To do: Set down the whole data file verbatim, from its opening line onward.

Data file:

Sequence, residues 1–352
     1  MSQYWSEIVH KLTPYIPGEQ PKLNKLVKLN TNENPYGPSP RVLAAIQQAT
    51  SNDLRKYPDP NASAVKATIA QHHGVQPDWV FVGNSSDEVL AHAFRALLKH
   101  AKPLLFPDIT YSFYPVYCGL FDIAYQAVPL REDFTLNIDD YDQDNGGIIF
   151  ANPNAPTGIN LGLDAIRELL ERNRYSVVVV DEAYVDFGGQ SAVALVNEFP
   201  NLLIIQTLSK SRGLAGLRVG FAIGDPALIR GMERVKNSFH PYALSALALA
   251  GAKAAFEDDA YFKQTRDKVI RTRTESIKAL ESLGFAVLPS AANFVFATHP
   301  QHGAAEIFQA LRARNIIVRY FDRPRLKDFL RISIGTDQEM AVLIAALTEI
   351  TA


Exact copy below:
Sequence, residues 1–352
     1  MSQYWSEIVH KLTPYIPGEQ PKLNKLVKLN TNENPYGPSP RVLAAIQQAT
    51  SNDLRKYPDP NASAVKATIA QHHGVQPDWV FVGNSSDEVL AHAFRALLKH
   101  AKPLLFPDIT YSFYPVYCGL FDIAYQAVPL REDFTLNIDD YDQDNGGIIF
   151  ANPNAPTGIN LGLDAIRELL ERNRYSVVVV DEAYVDFGGQ SAVALVNEFP
   201  NLLIIQTLSK SRGLAGLRVG FAIGDPALIR GMERVKNSFH PYALSALALA
   251  GAKAAFEDDA YFKQTRDKVI RTRTESIKAL ESLGFAVLPS AANFVFATHP
   301  QHGAAEIFQA LRARNIIVRY FDRPRLKDFL RISIGTDQEM AVLIAALTEI
   351  TA